I've reading about Domain Driven Design and Anemic models.

I generally work with an ORM such as Hibernate, and I'm struggling to understand in DDD what a business model can and can't do.

For example, if I have a Customer object, I would need to pass this off to a Service class in order to have it persisted to the database as it's not advised that you inject your ORM classes (repositories) into the domain model, I'm fine with this.

The issue comes when I want to check that a Customer object is valid, some recommend that the Customer object must know this, but in order to know it needs to query your datasource to check for other matching customers (i.e. via the email address).

It seems that behaviour needs to be on the Customer object itself, but what do you do when the behaviour requires data from the database? Do you pass that behaviour off to a Domain Service class?


Or, to put it another way, lets say we have a Customer and Film, on the Customer object we have a behaviour watch(Film). There's a business rule that states that a customer can only watch one new film per month. I would place a rule in the watch(Film) method to handle this. The problem is that the Customer object would need to access the datasource to get a list of all films the user has watched, determine how many have been watched and also check to see if the current film is one of them, and if so allow it to be watched as it's not a new film to the Customer, how would it do that?

a) when you create the Customer object, create properties to store a list of films watched this month b) create a Service class to handle this rule so it can query the data source on the fly rather than having the data leaded eagerly?

With option a), I'd be concerned about bloating the Customer object will data that is only required for a single specific use case, and it seems sensible to me to only grab the data required when it's actually required.

This is a hypothetical situation, I'm trying to understand how to apply domain driven design.

  • I'm confused by this business rule. "One new film per month" sounded simple but you claim there is a need to know the list of films watched this month. So films I only watched last month are new this month? I lose my whole library every month? Commented Sep 23, 2018 at 13:31
  • Sorry, it should look at all videos the user has ever watches Commented Sep 23, 2018 at 14:38
  • Please don't clarify the question in comments. Edit the question. Also "look at all videos the user has ever watch[ed]" is an implementation not a requirement. I'm trying to understand this business rules requirements. Commented Sep 23, 2018 at 15:36
  • I've updated the question. So, if a business offers customers different packages that control how many new videos per month the customer is allowed to watch, the control of that is an implementation and not a business rule? Commented Sep 23, 2018 at 16:29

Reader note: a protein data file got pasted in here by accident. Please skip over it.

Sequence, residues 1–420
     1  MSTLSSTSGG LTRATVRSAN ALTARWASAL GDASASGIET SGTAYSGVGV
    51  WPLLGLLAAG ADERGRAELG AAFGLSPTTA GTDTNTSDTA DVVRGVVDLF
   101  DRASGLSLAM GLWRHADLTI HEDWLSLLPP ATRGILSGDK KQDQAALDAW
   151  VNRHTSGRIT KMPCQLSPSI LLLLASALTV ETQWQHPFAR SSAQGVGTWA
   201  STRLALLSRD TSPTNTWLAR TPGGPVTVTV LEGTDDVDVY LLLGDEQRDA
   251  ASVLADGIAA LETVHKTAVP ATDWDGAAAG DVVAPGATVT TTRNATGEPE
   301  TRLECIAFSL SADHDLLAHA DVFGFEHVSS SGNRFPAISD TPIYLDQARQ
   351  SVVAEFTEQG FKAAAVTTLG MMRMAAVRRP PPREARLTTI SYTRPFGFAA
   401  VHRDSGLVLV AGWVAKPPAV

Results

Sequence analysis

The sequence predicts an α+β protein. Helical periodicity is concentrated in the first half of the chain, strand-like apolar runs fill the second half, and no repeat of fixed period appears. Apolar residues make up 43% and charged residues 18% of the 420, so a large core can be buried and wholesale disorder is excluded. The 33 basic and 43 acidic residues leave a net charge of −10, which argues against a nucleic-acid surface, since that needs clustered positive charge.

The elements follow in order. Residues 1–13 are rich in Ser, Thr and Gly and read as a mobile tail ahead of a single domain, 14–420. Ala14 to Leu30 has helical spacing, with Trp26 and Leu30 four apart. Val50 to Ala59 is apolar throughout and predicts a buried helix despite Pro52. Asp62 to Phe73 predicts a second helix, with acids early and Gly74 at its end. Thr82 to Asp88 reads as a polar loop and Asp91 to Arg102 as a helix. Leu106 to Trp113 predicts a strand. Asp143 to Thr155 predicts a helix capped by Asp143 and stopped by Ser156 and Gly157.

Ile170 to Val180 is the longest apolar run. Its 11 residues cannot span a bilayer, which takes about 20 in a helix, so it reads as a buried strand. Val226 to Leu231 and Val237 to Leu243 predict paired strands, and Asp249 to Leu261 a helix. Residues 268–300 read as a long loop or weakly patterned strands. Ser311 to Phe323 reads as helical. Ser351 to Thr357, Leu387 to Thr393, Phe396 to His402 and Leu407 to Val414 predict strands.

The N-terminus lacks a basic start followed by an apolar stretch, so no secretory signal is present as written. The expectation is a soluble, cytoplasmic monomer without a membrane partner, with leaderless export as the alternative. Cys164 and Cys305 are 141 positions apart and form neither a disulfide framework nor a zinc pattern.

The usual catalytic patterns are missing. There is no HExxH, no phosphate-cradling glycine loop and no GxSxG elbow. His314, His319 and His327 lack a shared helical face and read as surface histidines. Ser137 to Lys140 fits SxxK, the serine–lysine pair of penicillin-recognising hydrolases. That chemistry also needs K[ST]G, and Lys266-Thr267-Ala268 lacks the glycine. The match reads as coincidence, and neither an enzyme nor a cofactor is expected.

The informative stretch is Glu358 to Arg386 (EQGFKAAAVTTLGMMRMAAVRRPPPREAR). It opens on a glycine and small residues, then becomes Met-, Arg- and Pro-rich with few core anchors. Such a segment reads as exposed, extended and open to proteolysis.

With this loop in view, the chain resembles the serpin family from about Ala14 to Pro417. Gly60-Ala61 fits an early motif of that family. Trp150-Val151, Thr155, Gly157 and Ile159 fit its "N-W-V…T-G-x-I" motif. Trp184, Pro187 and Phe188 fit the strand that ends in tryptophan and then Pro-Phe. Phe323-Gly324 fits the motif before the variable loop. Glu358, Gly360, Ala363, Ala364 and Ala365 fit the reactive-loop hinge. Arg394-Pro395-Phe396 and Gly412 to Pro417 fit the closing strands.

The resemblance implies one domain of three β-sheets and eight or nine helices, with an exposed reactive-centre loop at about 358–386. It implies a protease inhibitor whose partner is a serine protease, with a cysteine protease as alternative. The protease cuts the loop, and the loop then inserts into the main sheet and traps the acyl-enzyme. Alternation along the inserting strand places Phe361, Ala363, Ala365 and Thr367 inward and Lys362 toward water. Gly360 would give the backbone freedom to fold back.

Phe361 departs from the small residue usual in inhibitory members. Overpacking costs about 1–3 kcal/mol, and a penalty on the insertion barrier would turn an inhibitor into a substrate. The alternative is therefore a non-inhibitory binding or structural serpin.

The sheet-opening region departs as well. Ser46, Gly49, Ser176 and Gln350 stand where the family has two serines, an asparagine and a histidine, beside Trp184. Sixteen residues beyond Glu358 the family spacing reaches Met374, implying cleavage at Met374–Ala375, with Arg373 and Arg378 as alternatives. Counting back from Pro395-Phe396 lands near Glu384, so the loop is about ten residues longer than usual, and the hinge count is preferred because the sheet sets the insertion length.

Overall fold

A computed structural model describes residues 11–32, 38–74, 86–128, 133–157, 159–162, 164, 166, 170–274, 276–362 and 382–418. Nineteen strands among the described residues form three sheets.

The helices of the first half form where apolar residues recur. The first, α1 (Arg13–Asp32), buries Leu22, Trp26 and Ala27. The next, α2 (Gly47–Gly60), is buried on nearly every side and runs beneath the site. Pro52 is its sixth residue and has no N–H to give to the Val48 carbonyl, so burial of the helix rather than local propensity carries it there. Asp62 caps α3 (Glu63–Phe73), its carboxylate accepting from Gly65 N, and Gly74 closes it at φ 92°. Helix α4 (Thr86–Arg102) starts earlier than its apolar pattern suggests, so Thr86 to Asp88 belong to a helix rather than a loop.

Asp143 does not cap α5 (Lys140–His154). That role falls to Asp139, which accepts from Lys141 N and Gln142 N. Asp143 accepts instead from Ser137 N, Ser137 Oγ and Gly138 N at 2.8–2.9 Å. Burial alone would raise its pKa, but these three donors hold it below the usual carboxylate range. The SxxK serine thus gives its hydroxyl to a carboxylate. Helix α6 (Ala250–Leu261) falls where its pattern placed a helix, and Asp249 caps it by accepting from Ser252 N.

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1 Answer 1


Your understanding of the problem in terms of DDD is being obfuscated by your focus on your data model (database) instead of the behavior of the system (domain).

To reiterate, the purpose of DDD is to model the behavior of a system such that the result is a useful abstraction of its functional requirements. What the above means is that a properly designed domain is modeled according to the behavior of the system, not the data. The single biggest pitfall developers run into when embarking on DDD is to start by using a data model as a domain model, because the data is hardly ever a good starting point when trying to model a system’s functional requirements.

What does the above mean? It means that you need to slice up your data model vertically according to behavior. In practical terms, it means that it is unlikely that there will be a domain entity named Customer. The reason is because Customer doesn’t denote much behavior and likely contains too much knowledge. What do your Customers do? Buy things? Buyer. View things (this one’s for you)? Viewer. Manage a website account? AccountManager. You get the idea.

The point is that the properties of the above domain entities do not necessarily map directly to a single database table (and in some cases use fields from the same table). Each Buyer might have a collection of previous OrderReceipts. Each Viewer has a collection of Screenings containing details like MovieId, Location, Datetime, DeviceId, etc for each time they watched something. And AccountManager might have Username and Password. And ALL of the above might have the same CustomerId.

The most important thing to understand about the above entities is that each one represents the single and unambiguous authority responsible for protecting invariants that may apply to the data for which it holds. Follow that rule and you are golden.

In your case, a Viewer is just an aggregate responsible for protecting your viewership rules. It contains just enough extra data necessary to enforce your business rules. In this case a collection of Screening value objects from the last month (or maybe even less data ScreeningCount). Does that make sense?

  • +1, I was going to write an answer along the lines of questioning the idea of putting a method watch(Film) into Customer. It seems your answer expresses the same idea.
    – Doc Brown
    Commented Sep 23, 2018 at 17:08
  • Thank you, makes sense and certainly helps in my understanding. Commented Sep 23, 2018 at 17:08

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